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How do YOU mount your CF2IDE card?

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First post, by Vaudane

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Taking a few vogoners recommendations for CF2IDE over more period-authentic storage, and trying to buy an adaptor I can't help but notice they're either male IDE connector, and designed to slot straight into the female on the motherboard, or the female IDE connector based ones have two poxy little bolt holes that I can't work out what you're even supposed to attach them to.

I'd quite like a CF2IDE in 3.5" form factor so it could literally be bolted in place in a conventional HDD bay, but apparently those are expensive, and only available in the US. Looked at the 2.5" to 3.5" adaptors for SSDs and the few that have bolt holes in the bottom don't mention any form of dimension or bolt size so I won't even know if the CF2IDE card would even attach.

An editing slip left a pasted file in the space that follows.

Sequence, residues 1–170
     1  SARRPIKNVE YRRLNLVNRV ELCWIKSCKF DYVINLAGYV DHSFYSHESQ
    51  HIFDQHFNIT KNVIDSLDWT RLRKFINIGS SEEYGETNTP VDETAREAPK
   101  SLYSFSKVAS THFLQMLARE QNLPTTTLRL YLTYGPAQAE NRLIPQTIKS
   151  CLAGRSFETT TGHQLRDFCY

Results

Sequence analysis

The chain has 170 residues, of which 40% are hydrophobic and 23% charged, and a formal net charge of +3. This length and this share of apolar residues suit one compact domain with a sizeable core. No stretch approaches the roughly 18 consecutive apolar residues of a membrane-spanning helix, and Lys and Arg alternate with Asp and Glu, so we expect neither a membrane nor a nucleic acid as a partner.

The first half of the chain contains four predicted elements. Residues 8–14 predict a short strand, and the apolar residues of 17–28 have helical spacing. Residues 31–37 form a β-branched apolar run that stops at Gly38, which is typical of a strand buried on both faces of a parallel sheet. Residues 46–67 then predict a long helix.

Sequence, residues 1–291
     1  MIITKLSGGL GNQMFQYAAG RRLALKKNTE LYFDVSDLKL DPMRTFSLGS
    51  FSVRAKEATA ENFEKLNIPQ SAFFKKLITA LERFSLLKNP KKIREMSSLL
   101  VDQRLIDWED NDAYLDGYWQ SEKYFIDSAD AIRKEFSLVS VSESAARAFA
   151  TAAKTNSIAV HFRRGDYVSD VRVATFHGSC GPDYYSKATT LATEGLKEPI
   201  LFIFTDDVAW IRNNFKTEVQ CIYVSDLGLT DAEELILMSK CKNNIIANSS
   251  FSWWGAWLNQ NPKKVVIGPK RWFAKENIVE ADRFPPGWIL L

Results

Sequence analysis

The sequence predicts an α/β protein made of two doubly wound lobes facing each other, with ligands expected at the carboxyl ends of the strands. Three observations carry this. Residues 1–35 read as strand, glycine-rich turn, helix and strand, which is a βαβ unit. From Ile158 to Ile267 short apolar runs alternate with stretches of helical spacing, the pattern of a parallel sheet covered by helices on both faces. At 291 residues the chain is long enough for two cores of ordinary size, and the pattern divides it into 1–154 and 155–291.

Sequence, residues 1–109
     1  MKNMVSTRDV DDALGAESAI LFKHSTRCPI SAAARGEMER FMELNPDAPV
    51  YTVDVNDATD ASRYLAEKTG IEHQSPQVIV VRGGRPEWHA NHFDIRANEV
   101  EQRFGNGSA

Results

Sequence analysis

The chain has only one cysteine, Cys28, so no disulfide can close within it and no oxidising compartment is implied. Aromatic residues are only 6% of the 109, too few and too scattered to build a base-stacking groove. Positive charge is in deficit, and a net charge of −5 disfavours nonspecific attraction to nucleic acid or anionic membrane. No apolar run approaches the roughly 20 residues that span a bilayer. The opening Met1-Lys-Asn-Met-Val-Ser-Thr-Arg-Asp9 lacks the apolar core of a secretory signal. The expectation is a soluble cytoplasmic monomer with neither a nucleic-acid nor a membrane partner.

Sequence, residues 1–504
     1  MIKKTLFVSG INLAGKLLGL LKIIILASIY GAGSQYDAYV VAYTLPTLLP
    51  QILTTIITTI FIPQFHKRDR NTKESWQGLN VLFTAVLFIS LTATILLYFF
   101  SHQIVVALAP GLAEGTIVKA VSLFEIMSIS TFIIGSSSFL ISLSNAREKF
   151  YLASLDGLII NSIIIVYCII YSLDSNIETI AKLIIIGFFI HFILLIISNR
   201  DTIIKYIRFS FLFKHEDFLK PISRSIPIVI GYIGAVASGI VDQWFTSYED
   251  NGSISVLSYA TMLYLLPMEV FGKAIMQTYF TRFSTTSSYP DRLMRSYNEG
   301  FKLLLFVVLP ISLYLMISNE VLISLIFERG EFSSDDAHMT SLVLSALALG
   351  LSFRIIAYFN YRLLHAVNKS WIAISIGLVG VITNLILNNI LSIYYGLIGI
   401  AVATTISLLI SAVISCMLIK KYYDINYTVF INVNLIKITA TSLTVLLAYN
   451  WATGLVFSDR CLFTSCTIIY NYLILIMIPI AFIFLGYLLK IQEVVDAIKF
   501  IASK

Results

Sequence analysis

Reply 1 of 22, by SodaSuccubus

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Most CF-IDE adapters just screw into a expansion slot and you access it from the back of your PC. Simple as that.

I know Startech sells a front bay CFIDE adapter. I had one once and it worked pretty good. Came with a bracket to convert it to a regular ol' rear mounted adapter too.

Reply 2 of 22, by Vaudane

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SodaSuccubus wrote on 2020-08-29, 22:17:

Most CF-IDE adapters just screw into a expansion slot and you access it from the back of your PC. Simple as that.

I know Startech sells a front bay CFIDE adapter. I had one once and it worked pretty good. Came with a bracket to convert it to a regular ol' rear mounted adapter too.